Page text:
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ABSTRACT: The current study evaluates the long-term psychological impact of a decision aid intervention for surgical and systemic treatment in women with newly diagnosed breast cancer from a previous reported randomized, controlled trial (Vodermaier et al., 2009).
Patients (n = 111) were randomized into usual care, or a 20-min decision aid intervention plus an information brochure prior to consultation planning with the senior physician. The retention rate at 1 year was 88%.
Linear mixed model analyses demonstrated that the intervention group experienced less decisional conflict (p = .047; d = .19), which was driven by perceptions of a more effective choice (p = .029; d = .20) over time. Subgroup analyses revealed that patients in the intervention group who participated in chemotherapy decision making showed better long-term body image outcomes (p = .009; d = .44), which were mediated by reduced depressive coping (p = .049). No effects emerged for anxiety and depressive symptoms, or for quality of life. Internal health locus of control moderated group effects on 'uncertainty with the decision' (p = .003).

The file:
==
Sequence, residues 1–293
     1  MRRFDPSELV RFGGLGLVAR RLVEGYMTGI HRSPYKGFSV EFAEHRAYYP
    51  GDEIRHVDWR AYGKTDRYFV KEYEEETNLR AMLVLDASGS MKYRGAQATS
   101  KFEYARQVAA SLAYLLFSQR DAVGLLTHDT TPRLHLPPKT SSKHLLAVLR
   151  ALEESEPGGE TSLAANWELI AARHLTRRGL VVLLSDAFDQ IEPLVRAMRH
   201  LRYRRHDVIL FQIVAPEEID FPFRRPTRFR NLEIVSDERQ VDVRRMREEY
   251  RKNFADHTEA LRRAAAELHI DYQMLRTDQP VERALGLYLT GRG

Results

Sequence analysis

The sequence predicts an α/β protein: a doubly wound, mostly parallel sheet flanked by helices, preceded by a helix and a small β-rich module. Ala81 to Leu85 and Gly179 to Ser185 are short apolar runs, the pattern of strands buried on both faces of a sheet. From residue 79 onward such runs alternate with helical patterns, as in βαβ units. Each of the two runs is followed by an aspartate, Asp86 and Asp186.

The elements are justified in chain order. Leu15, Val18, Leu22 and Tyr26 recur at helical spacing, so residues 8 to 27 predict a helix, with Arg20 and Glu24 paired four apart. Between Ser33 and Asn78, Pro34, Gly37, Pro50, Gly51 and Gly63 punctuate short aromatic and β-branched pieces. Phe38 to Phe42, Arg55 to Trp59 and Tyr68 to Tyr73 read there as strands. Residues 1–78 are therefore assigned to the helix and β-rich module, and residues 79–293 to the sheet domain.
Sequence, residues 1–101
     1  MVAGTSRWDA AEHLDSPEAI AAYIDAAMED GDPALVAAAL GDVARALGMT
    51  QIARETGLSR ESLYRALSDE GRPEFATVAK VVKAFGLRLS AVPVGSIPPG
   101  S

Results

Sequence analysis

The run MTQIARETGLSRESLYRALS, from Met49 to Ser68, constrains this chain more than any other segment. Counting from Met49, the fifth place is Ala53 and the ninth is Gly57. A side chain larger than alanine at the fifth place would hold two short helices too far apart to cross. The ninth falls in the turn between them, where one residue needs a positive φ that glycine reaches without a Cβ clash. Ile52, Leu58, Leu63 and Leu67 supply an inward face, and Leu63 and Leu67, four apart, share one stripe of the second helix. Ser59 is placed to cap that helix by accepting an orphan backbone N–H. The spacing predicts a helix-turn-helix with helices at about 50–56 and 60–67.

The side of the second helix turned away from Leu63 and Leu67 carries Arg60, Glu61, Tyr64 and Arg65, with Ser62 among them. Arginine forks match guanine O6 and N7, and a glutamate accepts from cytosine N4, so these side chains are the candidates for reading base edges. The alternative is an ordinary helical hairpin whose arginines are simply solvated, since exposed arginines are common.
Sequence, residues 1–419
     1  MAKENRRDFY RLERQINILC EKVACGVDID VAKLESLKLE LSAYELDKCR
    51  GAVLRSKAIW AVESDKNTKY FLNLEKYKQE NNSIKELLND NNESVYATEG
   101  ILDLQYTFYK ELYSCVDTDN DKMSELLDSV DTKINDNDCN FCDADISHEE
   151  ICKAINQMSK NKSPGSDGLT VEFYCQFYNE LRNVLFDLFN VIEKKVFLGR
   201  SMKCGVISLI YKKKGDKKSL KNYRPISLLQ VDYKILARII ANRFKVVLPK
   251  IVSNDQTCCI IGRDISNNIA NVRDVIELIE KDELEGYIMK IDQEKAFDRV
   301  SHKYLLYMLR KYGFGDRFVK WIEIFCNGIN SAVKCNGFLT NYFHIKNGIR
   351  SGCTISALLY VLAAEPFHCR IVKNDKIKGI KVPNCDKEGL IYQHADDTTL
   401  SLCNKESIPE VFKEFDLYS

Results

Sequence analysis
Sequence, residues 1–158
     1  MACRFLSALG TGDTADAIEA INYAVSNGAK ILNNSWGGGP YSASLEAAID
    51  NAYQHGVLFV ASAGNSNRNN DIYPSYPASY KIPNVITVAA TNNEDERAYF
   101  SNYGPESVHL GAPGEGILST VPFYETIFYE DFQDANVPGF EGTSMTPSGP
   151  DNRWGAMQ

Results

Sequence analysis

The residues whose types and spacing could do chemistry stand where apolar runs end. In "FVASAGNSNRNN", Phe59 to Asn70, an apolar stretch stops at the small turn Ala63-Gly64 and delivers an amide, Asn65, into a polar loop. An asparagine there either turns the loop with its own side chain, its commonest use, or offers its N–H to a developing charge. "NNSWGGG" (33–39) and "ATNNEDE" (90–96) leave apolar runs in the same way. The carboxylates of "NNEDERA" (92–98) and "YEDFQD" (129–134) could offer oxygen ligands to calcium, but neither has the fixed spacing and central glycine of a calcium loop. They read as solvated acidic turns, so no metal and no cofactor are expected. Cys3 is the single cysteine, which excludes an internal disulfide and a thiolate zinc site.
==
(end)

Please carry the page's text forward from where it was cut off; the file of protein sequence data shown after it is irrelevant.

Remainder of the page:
The study results provide novel evidence on the role of individual differences and the mechanisms behind decision aid effectiveness, and demonstrate the long-term impact of decision aid interventions on some indices of well-being.
Health Psychology 01/2011; 30(1):12-9. DOI:10.1037/a0021648 · 3.59 Impact Factor